- Cities—working with community-based partners—bring local knowledge to conversations about bridging gaps so frontline communities can better access state and federal funds.
Cities are leading in overcoming inequitable access to clean energy investments by anchoring community solar projects to enable participation by low-income residents and renters, creating tax incentives for building owners to upgrade and maintain affordability of naturally occurring affordable housing, creating accessible EV car share programs, and fostering local green banks that unlock access to financing tools for the capital investments need to realize building energy savings. Cities can play a key role with state transportation and energy offices designing programs that overcome barriers to better reach underserved populations.
Wheels of local wealth creation
Building efficiency and solar upgrades can generate good paying local jobs, and the bill’s domestic manufacturing and fair wages provisions ensure growth in new, high-quality industrial and manufacturing job opportunities. Cities are critical to building a new workforce, leveraging existing job training programs, and tapping new funds such as the current Department of Energy funding for Workforce Partnerships. Some cities are forging metro region workforce partnerships, pooling funds with neighboring cities and counties to recruit underrepresented populations, such as women, BIPOC, and formerly incarcerated populations into training for the rapidly growing clean energy job sectors. Cities can also implement inclusive procurement practices to open doors for underrepresented populations in government contracting services as one of the many ways to build local economic prosperity around the infusion of federal investment in the clean energy economy in this climate bill.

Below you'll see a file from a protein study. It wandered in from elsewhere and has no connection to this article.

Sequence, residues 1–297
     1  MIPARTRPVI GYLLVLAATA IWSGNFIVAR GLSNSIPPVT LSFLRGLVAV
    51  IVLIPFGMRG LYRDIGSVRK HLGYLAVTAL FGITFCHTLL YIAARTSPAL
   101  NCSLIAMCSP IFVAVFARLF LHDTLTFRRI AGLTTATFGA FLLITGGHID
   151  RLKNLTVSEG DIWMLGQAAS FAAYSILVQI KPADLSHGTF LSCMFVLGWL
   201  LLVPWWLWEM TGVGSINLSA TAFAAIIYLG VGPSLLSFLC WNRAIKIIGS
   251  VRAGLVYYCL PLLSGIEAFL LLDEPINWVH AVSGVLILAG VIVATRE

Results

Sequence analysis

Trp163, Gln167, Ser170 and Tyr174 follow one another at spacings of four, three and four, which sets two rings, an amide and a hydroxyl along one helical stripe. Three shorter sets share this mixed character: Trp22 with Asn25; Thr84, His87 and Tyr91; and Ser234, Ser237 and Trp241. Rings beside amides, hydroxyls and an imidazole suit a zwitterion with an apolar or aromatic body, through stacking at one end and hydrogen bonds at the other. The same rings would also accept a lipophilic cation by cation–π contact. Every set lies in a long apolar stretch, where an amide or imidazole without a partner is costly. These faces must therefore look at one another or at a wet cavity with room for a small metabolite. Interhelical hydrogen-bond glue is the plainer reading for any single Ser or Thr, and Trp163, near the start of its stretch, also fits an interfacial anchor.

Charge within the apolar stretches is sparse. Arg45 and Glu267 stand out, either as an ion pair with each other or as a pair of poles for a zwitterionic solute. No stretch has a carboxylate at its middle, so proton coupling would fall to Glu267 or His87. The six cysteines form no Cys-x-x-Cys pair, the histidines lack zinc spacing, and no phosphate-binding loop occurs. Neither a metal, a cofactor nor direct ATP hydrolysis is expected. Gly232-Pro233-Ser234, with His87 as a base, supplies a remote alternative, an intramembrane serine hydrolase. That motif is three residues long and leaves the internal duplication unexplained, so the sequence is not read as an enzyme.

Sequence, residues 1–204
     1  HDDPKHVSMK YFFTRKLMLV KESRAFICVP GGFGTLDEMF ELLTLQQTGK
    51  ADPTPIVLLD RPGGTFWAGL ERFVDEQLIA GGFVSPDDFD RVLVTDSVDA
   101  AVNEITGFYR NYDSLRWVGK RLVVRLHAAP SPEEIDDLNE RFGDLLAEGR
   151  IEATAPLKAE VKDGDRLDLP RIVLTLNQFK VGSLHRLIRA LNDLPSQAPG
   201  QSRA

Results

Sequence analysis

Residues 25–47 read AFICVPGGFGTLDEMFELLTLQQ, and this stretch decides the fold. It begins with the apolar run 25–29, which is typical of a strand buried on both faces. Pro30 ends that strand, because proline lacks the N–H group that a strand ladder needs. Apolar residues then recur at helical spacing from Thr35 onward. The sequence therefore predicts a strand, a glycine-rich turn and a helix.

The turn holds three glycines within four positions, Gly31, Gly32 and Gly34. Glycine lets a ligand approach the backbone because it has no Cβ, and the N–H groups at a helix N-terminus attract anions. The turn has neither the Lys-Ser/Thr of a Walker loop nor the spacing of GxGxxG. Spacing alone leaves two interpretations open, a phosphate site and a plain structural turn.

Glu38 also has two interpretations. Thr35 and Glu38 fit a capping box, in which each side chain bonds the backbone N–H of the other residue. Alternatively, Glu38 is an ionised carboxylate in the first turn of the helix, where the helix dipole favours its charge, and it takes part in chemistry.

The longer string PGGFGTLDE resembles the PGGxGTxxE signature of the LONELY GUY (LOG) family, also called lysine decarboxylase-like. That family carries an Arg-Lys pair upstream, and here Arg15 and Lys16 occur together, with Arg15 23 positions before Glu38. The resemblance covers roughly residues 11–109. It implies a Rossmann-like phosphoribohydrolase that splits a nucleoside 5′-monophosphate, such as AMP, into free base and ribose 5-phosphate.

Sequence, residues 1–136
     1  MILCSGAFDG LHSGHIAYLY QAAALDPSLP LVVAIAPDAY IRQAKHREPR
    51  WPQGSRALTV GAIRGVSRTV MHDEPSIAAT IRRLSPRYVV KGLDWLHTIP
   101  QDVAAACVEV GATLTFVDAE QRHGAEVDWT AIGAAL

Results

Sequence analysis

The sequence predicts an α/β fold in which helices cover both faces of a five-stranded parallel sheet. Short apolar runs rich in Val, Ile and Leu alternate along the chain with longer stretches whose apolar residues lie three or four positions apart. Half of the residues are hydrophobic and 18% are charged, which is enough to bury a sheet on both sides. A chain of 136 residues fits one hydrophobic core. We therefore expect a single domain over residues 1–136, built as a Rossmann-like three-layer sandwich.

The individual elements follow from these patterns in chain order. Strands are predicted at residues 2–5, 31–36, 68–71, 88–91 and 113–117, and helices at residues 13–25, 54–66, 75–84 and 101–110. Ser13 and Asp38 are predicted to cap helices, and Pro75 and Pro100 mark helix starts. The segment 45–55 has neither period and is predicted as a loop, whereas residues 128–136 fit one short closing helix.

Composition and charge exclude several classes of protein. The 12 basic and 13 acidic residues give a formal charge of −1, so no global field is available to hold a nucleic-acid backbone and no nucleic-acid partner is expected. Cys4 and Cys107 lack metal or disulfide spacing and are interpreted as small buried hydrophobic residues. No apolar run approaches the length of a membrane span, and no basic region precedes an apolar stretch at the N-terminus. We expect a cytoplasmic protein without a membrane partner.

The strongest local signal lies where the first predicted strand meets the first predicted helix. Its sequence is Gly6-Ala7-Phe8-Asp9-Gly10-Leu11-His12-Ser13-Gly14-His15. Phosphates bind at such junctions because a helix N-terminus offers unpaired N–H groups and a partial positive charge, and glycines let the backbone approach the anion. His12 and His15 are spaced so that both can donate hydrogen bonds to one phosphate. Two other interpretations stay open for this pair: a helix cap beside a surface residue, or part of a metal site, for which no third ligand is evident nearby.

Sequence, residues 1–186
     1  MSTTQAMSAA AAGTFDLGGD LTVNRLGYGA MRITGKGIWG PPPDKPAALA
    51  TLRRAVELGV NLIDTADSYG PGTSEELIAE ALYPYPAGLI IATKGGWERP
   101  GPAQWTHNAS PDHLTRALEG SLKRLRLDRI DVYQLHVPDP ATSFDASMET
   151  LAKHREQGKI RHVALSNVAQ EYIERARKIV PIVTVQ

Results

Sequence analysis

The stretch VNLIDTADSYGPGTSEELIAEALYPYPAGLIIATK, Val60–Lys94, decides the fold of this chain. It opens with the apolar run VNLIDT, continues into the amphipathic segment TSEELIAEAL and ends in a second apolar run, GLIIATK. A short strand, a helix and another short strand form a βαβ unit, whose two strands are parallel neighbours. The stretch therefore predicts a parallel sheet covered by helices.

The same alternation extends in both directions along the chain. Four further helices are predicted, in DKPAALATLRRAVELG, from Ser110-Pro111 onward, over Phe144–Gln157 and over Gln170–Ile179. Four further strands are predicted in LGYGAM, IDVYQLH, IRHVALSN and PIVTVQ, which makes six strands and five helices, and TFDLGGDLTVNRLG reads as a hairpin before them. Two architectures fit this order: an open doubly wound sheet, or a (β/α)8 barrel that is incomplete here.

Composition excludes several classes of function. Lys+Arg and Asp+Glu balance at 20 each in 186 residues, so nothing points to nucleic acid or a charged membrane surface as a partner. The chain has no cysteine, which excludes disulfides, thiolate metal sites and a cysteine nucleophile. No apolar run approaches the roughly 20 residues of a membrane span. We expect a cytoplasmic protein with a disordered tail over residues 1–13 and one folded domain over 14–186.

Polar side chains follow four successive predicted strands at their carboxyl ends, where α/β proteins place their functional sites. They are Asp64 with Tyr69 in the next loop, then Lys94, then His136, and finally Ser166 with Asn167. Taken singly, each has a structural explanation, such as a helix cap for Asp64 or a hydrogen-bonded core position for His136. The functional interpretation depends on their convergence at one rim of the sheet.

Not reinventing the wheel
So, where do cities start? First, they should not, and need not, go it alone. As one example, they could invite federal, regional, local and community-based organizational leaders to jointly discuss shared plans and scan the landscape of federal funding opportunities, as Orlando did. A number of handy online tools for searching for federal funding resources are available, like here and here.
Cities should start mapping out key partnerships, especially seeking to start or continue engaging community-based organizations in frontline and disadvantaged communities.
Cities should use data to engage with the community. Local equity data can enrich federal tools that set the definition of disadvantaged communities for federal funding such as new tools like Council on Environmental Quality’s recently released Climate and Economic Justice Screening Tool (CEJST) or DOE’s Energy Justice Dashboard.
Implementing Justice 40 will rely on grant applicants, such as cities, to set equity goals and demonstrate results. There may never be a better time to open up conversations toward community-led visions for an affordable and just clean energy future.